High Speed Rail 2

High Speed Rail 2

160 wildlife sites are threatened along the proposed high speed rail route between London and Birmingham across seven different Wildlife Trust areas.


The impact of HS2 on local wildlife

High Speed 2 (HS2) is a new £56bn railway that will provide a high-speed link between London and Birmingham by 2026. Herts and Middlesex Wildlife Trust is working hard to mitigate any impact on wildlife by this major infrastructure project.

From the beginning it has been clear that HS2 would have significant environmental impacts. Early on in the development of the scheme Herts and Middlesex Wildlife Trust, along with Wildlife Trusts nationwide, expressed serious concerns to HS2 Ltd, the company set up to build and operate the railway, about the impact that the project would have on wildlife along the route. 

In Hertfordshire, the Trust’s Broadwater Lake Nature Reserve will be impacted, with disturbance to the nationally important wintering and breeding birds that use the site as a refuge in the wider landscape. There will be loss of habitat as well as the potential for death to wildfowl and bats from collisions with trains. Initial mitigation measures have been inappropriate and inadequate but since it was confirmed that the railway would be built, we have been working with HS2 Ltd to minimise these impacts.

Ecology Review Group

The Wildlife Trusts are represented on HS2’s Ecology Review Group. This group is working on a package of biodiversity measures that will partly mitigate the impact of HS2. A report from the group, called ‘No Net Loss’, is due to be published at the end of 2017. 

HS2 in Middlesex

A 3.6km viaduct is planned to carry the line from Newyears Green in Hillingdon, over the Colne Valley into Buckinghamshire, before it enters another tunnel through part of the Chilterns. The impacts on the landscape and wildlife are significant, even if much of this land will be restored once construction is due to finish in 2025.

Broadwater Lake

The HS2 route crosses the Mid-Colne Valley SSSI on a viaduct bisecting the Trust’s Broadwater Lake Nature Reserve. The 80-hectare site is renowned nationally for the diversity of breeding wetland birds and the numbers of wintering waterbirds such as gadwall, shoveler and great crested grebe, and summer moult gatherings of tufted duck. The original HS2 mitigation does not go far enough to reduce the impact of the viaduct and further measures are suggested in the Colne Valley Additional Mitigation Plan. Additionally there are possible plans to realign the River Colne, a valuable chalk river. If this goes ahead multiple species could be affected from fish, invertebrates and specialised plants to Daubenton’s bats that hunt along the river line.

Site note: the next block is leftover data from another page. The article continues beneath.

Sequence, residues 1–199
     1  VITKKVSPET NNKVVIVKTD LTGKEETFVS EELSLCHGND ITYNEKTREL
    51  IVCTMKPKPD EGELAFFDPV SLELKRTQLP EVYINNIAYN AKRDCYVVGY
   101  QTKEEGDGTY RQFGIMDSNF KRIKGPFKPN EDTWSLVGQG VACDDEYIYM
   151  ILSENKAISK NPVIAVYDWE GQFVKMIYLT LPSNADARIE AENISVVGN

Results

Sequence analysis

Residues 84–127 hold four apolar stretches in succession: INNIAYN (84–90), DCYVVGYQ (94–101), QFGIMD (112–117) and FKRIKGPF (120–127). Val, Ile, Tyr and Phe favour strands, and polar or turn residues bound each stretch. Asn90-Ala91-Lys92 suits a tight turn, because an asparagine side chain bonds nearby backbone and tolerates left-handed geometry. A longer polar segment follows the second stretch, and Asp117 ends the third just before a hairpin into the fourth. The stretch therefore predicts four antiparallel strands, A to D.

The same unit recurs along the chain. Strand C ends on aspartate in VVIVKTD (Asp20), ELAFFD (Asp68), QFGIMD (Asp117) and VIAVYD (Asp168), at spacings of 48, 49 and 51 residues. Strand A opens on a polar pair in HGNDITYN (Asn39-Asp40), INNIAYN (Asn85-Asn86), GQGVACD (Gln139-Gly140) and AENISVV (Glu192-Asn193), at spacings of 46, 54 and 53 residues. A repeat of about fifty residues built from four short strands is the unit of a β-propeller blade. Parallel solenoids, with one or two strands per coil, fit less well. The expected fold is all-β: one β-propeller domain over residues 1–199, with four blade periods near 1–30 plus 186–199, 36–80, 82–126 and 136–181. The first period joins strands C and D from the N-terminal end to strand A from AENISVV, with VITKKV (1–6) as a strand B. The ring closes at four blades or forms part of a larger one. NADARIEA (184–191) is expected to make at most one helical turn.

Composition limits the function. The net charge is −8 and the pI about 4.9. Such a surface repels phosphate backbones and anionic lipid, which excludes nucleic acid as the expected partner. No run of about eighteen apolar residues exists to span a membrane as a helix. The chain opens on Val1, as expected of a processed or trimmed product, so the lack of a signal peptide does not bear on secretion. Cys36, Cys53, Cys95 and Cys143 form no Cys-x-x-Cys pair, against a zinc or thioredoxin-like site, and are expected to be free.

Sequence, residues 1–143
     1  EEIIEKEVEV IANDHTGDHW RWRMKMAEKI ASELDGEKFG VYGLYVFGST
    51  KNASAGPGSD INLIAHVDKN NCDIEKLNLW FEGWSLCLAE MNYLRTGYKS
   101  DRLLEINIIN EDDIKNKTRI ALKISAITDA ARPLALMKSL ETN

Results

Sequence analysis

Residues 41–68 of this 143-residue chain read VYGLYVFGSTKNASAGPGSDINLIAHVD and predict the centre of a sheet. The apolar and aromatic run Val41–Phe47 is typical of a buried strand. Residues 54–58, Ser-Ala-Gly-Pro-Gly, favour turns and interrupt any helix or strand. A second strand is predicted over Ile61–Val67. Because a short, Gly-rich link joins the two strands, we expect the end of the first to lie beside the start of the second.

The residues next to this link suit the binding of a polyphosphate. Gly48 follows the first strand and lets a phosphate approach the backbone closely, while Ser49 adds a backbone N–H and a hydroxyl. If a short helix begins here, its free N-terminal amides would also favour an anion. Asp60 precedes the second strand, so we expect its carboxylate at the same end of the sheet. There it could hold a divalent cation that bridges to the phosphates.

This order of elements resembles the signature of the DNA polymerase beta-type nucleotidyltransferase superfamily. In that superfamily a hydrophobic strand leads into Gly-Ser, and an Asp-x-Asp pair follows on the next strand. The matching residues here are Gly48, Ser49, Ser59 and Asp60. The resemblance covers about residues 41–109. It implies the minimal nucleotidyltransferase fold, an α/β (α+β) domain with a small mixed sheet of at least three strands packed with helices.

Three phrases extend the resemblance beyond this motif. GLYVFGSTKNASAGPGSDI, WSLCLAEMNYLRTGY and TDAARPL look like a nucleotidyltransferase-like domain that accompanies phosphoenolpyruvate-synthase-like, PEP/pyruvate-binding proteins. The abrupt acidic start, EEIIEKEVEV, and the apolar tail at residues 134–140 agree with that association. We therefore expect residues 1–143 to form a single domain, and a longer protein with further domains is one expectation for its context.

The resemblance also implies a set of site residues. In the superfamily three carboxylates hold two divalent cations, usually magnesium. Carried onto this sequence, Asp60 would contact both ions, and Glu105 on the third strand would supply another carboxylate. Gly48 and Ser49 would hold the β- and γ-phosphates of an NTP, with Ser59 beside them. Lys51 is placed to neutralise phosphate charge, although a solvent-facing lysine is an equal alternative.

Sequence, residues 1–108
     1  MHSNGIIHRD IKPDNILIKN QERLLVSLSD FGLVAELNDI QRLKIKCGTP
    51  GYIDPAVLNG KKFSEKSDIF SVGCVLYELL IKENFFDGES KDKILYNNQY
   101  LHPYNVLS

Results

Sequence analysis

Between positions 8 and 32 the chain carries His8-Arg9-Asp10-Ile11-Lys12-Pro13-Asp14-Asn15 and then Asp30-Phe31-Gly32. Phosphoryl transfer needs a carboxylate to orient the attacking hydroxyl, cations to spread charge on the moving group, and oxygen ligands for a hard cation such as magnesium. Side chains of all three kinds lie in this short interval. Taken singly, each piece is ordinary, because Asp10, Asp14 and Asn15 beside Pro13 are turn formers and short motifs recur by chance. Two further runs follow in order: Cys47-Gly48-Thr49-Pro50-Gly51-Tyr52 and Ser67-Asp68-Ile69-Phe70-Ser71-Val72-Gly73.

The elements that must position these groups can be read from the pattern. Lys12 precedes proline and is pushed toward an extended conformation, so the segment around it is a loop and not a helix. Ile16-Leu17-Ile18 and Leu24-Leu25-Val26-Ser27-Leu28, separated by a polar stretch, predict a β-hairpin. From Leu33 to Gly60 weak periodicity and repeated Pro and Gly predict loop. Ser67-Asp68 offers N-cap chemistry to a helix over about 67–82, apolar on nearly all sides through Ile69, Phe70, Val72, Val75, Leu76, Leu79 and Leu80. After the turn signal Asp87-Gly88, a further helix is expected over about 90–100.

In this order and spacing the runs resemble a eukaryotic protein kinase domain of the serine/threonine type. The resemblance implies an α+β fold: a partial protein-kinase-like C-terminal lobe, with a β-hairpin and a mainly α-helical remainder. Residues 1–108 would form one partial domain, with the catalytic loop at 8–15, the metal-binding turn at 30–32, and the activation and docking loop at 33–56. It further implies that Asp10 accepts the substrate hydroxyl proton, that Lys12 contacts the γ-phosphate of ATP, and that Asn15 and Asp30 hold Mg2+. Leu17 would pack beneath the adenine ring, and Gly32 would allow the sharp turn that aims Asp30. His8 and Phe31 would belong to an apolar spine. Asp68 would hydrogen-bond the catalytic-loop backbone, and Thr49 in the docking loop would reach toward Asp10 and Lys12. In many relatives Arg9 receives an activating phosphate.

HS2 route map

Additional Mitigation Plan

Many of the concerns relating to the Colne Valley were acknowledged by the High Speed Rail House of Commons’ Select Committee in Parliament during the process of enacting the HS2 Hybrid Bill. This committee backed the creation of a panel to lead the development and implementation of an ‘Additional Mitigation Plan’ to help protect the environment in this region. Herts and Middlesex Wildlife Trust is a member of the Colne Valley Regional Park Panel, established in 2015, which consists of representatives from 15 organisations; including local authorities, government agencies, and environmental groups. London Wildlife Trust also sit on this panel. Work on the Additional Mitigation Plan (AMP) started in summer 2016, and a draft was published in early 2017 for public feedback. The AMP has since been finalised and published: https://www.gov.uk/government/publications/hs2-additional-mitigation-plan-for-colne-valley. The plan will be implemented with a £3m budget set aside by HS2 Ltd specifically for this purpose. This money is in addition to mitigation measures already proposed by HS2.

Included in the AMP is a set of area-specific projects aimed at meeting Colne Valley Regional Park objectives. General proposals include protecting important wildlife in the Valley such as bats, water voles and birds, improving viewpoints, better local engagement andnew recreational routes. For more information email CVRPPanel@aol.co.uk or visit colnevalleypark.org.uk

Enabling and construction works

Since Royal Assent was granted to HS2 in February 2017, work to prepare the ground for the first phase of the railway's construction has begun. Contractors have been appointed to undertake the 'enabling' and main construction works, with each allocated a section of the route. This means significant amounts of land have already begun to change in order to bore the tunnels and construct the operational infrastructure of HS2. While the Trust has been unable to stop the scheme, we believe our collective action has helped reduce some of the worst impacts of HS2.